I learned to love feedback
This one was the hardest for me, but now, every time I receive feedback, I repeat one thing in my head: ‘will it make the work better?’ And the answer is always yes. So I suck it up, soak it in, and most importantly, respect it. I also find that now, even if I’m 99% sure my idea is the way to go, and before I go off spouting opinions left right and centre, I ask myself: what if I’m wrong? This exercise is liberating and makes the whole process so much more relaxing and enjoyable. When I stop wallowing about feeling wrong, I notice people seem to want my opinion more than ever.

I fake it
I nod my head. I say some oohs and aahs. I smile. I hate to say it, but I know I’m gonna have to do this now and then. This doesn’t mean I’m selling out, it just means I’m picking my battles. Sometimes I’ll be right and want to shout it from the rooftops (and sometimes I should), but in the end it could do more damage than good. So I bite my tongue if it’s necessary, because I know that when I really do need to convince the masses, they’ll be more than ready to listen. This sometimes fills me with a sense of injustice, but I remind myself of the big picture.

I don’t need to be right all the time.

I focus on the work
I make the work better. Then I make it better again. I become obsessive over this goal and I let it drive my decisions. This doesn’t mean I’m a jerk about it, but when I put the work first, it deadens the other noise so I can make sound decisions free of ego and politics. Plus when it’s all about the work, seeing these ‘wrong’ moments as opportunities to learn and improve comes more naturally.

Being wrong can feel right

Right now, you’re probably thinking one of two things:

  1. That’s not me. That’s you.
  2. That was me.

If you’re number one, let me give you a warning… We will all go through a stage at some point in our creative careers when we deny our true but ugly selves. Trust me. Whether we like it or not, we have to face what we really are. And because we’re creative, we push ourselves even harder. If you’re in group number two, good on ya. You’ve discovered the secret. Being wrong can actually feel so right. It can push us further creatively.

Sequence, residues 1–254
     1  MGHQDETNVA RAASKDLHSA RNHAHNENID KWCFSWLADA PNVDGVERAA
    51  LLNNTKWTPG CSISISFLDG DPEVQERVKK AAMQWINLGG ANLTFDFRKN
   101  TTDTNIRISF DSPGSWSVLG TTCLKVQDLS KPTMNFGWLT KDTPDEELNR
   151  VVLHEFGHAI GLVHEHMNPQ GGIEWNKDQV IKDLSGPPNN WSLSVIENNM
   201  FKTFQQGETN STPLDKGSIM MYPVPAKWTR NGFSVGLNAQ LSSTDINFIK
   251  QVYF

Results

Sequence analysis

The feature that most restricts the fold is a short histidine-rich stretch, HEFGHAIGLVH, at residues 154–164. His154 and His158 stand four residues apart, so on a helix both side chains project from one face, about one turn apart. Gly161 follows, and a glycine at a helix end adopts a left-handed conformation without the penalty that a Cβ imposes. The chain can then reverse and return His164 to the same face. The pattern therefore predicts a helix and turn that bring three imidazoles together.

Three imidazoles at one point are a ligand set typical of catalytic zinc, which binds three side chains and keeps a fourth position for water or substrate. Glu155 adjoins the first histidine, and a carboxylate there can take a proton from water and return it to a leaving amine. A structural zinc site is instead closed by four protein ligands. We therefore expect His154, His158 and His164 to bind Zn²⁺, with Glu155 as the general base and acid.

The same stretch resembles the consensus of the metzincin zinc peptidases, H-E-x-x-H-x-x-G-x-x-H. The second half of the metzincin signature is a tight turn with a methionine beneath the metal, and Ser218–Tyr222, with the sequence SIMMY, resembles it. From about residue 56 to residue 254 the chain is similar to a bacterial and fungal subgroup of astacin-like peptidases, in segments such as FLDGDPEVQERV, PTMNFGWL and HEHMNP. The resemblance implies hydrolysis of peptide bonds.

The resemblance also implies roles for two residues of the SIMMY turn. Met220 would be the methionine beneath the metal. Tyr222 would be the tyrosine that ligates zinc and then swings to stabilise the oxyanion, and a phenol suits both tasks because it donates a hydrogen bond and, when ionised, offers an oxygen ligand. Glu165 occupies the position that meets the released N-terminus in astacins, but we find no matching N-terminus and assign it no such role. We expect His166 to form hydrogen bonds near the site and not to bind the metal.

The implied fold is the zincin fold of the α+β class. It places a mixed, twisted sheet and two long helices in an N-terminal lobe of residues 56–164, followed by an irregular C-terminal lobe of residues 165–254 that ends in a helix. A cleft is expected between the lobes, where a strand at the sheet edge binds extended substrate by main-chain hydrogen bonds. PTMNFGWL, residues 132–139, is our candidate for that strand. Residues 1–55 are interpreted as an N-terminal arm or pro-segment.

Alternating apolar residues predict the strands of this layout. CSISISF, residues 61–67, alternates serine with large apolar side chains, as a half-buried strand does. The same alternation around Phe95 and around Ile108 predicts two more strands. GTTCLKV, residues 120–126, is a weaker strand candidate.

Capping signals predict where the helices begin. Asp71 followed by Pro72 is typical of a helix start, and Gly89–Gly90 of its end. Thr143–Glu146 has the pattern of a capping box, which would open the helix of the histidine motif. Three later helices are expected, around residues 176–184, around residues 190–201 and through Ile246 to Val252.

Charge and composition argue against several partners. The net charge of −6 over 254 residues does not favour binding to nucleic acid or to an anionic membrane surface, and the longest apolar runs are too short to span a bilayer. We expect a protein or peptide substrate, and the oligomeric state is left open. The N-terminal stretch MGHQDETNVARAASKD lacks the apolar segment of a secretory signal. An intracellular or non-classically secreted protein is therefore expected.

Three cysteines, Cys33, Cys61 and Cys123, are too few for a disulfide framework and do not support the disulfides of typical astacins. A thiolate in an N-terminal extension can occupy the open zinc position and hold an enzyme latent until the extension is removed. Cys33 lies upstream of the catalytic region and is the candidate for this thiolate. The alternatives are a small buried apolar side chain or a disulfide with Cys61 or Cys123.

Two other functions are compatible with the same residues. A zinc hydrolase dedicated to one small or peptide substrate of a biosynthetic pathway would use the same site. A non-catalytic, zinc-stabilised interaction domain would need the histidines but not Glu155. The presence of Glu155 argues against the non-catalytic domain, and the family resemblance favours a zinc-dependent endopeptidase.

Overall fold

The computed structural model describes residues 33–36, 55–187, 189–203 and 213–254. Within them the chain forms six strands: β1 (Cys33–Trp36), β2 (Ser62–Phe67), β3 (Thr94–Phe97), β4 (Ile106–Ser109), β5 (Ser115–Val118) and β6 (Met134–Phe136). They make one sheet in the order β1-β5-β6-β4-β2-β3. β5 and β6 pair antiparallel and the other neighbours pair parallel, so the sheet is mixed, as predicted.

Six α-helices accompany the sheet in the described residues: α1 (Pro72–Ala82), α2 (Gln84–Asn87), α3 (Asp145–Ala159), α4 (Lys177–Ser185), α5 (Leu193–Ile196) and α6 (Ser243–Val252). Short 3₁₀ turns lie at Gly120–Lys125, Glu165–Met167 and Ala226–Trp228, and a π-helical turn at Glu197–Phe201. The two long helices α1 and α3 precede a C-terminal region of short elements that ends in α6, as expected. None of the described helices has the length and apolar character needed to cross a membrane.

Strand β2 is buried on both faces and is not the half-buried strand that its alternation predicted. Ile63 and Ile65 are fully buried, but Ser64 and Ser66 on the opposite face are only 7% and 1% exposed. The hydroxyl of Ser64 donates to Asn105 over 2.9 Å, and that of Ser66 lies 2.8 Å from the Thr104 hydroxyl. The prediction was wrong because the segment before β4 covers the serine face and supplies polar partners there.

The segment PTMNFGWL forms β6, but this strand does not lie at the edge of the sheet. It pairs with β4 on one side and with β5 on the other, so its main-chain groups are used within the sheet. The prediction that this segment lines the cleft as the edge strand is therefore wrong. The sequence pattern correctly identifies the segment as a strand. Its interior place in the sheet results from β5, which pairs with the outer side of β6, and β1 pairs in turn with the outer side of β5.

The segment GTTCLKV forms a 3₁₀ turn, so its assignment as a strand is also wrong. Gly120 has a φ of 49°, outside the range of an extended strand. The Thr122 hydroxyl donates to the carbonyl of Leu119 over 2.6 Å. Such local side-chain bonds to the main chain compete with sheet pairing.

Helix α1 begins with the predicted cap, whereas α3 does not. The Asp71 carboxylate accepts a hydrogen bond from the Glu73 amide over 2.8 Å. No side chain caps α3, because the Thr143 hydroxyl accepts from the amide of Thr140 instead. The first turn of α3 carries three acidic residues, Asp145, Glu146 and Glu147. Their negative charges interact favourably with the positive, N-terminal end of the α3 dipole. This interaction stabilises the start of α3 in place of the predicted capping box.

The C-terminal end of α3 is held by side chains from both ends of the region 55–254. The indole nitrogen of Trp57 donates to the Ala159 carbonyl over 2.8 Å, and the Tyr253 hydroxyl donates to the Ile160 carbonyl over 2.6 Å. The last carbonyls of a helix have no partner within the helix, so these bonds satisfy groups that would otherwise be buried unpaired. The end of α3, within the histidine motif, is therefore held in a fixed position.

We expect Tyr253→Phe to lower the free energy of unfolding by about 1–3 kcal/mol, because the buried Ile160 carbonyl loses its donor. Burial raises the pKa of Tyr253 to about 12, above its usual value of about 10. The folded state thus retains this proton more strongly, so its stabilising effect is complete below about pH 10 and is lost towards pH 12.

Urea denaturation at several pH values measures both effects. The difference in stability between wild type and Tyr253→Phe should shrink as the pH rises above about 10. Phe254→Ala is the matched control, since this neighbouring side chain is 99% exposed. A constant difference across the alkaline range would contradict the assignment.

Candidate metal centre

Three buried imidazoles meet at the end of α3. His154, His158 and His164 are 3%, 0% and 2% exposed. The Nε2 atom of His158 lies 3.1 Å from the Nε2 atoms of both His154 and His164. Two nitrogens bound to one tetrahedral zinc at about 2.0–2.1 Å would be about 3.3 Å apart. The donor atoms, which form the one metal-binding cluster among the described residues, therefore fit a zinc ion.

It makes you more confident
If you always need to be right, coworkers will notice (and not in a good way). But when you don’t care if you’re right, well that’s when they’ll assume you know what you’re doing — and that’s the goal all along. This confidence is contagious, and it’s going to help you feel great about your work and the work of those around you.

It leads to humility
When you (and your ego) become okay with being wrong, there’s nothing much to lose, so you can really swing for the fences. Throw wide the big and risky ideas and you’ll find they’ll inspire the same behaviour in those around you as the fear of being told they’re wrong dribbles away.

It leads to learning and collaboration
When you stop obsessing over being right, you expose yourself to other ideas and perspectives. And this funny thing happens when you accept that you don’t know everything. You learn things you wouldn’t have otherwise. You open yourself to ideas like 10,000 character tweets (okay, bad example) or your teammate’s idea for lickable stickers.

It creates a relaxed workplace
Listening instead of trying to prove your worth every three seconds? Well, that’s when you actually DO prove your worth — by creating a relaxed workplace. Get it? Because you’re not talking. You’re listening. In an industry that relies on the free flow of everyone’s ideas, this is critical.

A work in progress
The incredible thing about being more confident, putting my ego in check, increasing collaboration, and letting myself thrive in a chilled out workplace is that they all lead to one thing — better work. Plus, letting go means I can feel successful and happy again, but this time it’s for all the right reasons.

I’m still a work in progress, but eight years into my career, I’ve learned to focus on the work. I’ve learned not to seek out success just for the sake of it. Most importantly, I’ve learned that being wrong can be just right.

Originally published at